I want to express my and my family’s deep sense of gratitude for the beautiful way the Orthodox Union has treated the memory of my husband, Rabbi Steven M. Dworken, z”l (Rabbi Tzvi Hersh Weinreb, “A Look at Leadership,” spring 2004). The beautiful tribute is testimony to the OU’s mentshlichkeit (decency) and adherence to the fundamental concept of hakarat hatov (appreciation). Steve was particularly elated when Rabbi Weinreb took over the reins of the OU. He felt that in him there was a model for all in the Modern Orthodox world to emulate. How justified he was in his perception!
I know Steve would feel honored by the recognition Rabbi Weinreb has given to his efforts. He believed in the mission of the Orthodox Union and felt that its hashkafah (general outlook) was needed for the survival and perpetuation of Torah Judaism. He worked hard with “his” rabbis because he believed in them and in what they stood for. It is most gratifying to know his efforts were valued; we hope they will be remembered and built upon.
Susan H. Dworken
Teaneck, New Jersey
Rabbi Weinreb’s moving tribute to Rabbi Dworken was all the more poignant because it was framed within an analysis of Jewish leadership. In the many hespedim (eulogies) of Rabbi Dworken, much was said about his having been the “rabbi’s rabbi.” But to me he was much more than that: He was my rabbi.
Rabbi Dworken made an impact on so many people, and none more than a seventh grader in the Congregation Anshe Chesed Hebrew school, testing the waters of Yiddishkeit and Torah. Rabbi Dworken knew from his own experience what it was like to be a young boy who had become enchanted with Judaism, and he was a loving guide in the early years of my odyssey toward becoming observant. His plain, good sense helped smooth the inevitable tension of a home in which a teenager is becoming frum. I vividly remember the conversation that took place in his study, during which my parents agreed to kasher the house. He helped my parents and me work out the challenges, while emphasizing my obligations of kavod (giving honor), a trait that was his hallmark in his interactions with every person, from shul janitor to chief rabbi.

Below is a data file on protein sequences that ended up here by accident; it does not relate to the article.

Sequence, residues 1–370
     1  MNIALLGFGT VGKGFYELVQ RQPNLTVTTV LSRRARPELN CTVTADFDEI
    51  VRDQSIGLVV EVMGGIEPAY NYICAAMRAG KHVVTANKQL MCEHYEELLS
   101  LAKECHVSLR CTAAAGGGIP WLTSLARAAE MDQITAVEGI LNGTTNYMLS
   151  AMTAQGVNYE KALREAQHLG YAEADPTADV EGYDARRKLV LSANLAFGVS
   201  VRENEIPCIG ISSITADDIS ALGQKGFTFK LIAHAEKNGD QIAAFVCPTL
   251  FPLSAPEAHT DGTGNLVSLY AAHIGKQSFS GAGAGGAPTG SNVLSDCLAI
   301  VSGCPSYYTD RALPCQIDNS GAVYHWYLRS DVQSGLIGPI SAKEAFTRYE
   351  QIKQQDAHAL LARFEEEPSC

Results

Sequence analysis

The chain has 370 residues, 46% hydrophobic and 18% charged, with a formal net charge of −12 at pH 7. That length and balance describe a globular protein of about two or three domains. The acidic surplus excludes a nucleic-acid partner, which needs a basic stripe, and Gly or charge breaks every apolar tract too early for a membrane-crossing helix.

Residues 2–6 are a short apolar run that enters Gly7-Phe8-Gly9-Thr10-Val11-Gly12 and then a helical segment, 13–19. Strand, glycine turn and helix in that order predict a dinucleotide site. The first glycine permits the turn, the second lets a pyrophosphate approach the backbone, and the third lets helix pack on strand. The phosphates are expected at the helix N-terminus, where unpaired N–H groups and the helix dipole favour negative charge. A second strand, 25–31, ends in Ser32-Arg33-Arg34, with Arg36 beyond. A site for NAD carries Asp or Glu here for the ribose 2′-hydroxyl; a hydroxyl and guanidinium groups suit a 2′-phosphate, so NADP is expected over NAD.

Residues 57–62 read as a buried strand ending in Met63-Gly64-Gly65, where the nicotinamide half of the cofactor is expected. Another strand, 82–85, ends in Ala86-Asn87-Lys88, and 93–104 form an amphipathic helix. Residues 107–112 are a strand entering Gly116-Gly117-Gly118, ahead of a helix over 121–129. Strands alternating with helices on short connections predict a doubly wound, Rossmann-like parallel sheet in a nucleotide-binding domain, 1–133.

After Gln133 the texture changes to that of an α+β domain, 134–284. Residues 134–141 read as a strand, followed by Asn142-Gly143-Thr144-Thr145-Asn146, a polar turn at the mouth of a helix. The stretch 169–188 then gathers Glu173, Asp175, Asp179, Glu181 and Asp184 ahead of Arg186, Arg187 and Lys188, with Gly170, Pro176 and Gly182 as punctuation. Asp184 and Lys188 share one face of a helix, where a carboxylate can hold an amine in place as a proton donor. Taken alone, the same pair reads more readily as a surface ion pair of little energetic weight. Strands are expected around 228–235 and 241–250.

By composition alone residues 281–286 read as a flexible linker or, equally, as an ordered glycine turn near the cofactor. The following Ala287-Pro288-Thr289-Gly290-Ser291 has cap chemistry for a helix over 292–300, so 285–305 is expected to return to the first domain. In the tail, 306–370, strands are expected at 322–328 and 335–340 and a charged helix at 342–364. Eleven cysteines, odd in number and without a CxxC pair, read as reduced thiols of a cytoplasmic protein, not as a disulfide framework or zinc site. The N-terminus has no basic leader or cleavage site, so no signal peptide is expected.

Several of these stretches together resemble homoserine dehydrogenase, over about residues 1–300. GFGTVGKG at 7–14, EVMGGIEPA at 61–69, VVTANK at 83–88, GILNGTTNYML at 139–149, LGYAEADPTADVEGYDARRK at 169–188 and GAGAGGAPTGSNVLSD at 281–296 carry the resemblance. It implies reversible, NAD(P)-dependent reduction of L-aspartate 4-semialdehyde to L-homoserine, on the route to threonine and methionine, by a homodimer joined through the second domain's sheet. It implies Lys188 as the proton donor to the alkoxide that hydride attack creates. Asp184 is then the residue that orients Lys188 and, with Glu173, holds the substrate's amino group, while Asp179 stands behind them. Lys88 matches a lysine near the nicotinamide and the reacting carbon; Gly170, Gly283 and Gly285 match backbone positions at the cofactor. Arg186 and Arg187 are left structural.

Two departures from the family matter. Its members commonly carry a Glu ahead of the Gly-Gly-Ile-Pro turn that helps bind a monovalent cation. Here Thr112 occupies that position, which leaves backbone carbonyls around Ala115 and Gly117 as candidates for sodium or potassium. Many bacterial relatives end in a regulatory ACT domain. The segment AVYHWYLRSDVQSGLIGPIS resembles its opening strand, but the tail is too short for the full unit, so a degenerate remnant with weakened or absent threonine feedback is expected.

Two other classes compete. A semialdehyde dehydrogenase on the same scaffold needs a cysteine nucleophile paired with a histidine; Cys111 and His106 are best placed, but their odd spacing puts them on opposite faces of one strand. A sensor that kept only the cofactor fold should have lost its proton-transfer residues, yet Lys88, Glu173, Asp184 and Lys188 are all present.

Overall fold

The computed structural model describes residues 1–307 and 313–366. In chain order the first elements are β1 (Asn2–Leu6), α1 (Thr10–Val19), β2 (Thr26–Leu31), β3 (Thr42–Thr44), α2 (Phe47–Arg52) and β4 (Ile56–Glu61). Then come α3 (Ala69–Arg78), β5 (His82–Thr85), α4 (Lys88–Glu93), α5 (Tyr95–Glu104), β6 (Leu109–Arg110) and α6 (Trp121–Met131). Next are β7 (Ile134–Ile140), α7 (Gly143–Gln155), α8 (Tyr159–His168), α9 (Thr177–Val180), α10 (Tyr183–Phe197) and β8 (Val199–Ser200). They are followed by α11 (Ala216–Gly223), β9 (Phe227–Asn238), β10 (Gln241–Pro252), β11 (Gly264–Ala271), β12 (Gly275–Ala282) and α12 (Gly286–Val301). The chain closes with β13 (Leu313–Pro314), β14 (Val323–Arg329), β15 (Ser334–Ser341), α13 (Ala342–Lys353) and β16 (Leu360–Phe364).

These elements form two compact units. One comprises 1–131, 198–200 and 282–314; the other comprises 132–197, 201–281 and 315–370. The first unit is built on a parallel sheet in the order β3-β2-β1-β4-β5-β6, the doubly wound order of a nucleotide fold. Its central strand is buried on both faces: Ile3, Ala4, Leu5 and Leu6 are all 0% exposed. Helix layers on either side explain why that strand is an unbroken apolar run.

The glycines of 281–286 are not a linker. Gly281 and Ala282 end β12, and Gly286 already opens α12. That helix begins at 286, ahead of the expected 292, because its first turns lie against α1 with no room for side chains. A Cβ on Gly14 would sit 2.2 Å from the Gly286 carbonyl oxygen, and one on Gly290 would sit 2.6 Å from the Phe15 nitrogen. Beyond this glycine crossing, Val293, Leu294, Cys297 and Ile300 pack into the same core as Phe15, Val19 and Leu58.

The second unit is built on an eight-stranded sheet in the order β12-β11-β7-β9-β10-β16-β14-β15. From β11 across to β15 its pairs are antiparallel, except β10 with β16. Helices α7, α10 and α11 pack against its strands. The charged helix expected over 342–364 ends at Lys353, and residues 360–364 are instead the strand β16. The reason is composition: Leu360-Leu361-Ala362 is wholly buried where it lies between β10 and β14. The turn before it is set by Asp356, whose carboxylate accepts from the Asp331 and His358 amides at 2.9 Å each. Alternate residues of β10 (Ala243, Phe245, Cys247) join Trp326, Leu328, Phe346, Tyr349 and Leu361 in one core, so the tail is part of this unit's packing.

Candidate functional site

A deeply emotional person, Rabbi Dworken was never reluctant to shed a tear. He once asked me to help make a minyan at a funeral. Someone who had a tangential connection to the shul had lost her mother. The mourner was over seventy, and the deceased well into her nineties. Rabbi Dworken didn’t know either of them. When we got back to the car, I saw that he was crying. In the cynicism of youth, I asked, “What are you crying about?” He answered softly, “A Jewish person died.”
When I received semichah from Yeshiva University, Rabbi Dworken told me: “The trick to being a rabbi is being able to love Jews, especially those that aren’t always so loveable.” Rabbi Dworken was able to lead Anshe Chesed for twenty-three years because he was an ish chesed par excellence. He once said to me, “After 120 years I don’t think they’ll say I was the gadol hador (the leader of the generation), but I hope they’ll say I was a good rabbi.” He was a great rabbi, friend and role model, and I miss him.
Rabbi Jeffrey Saks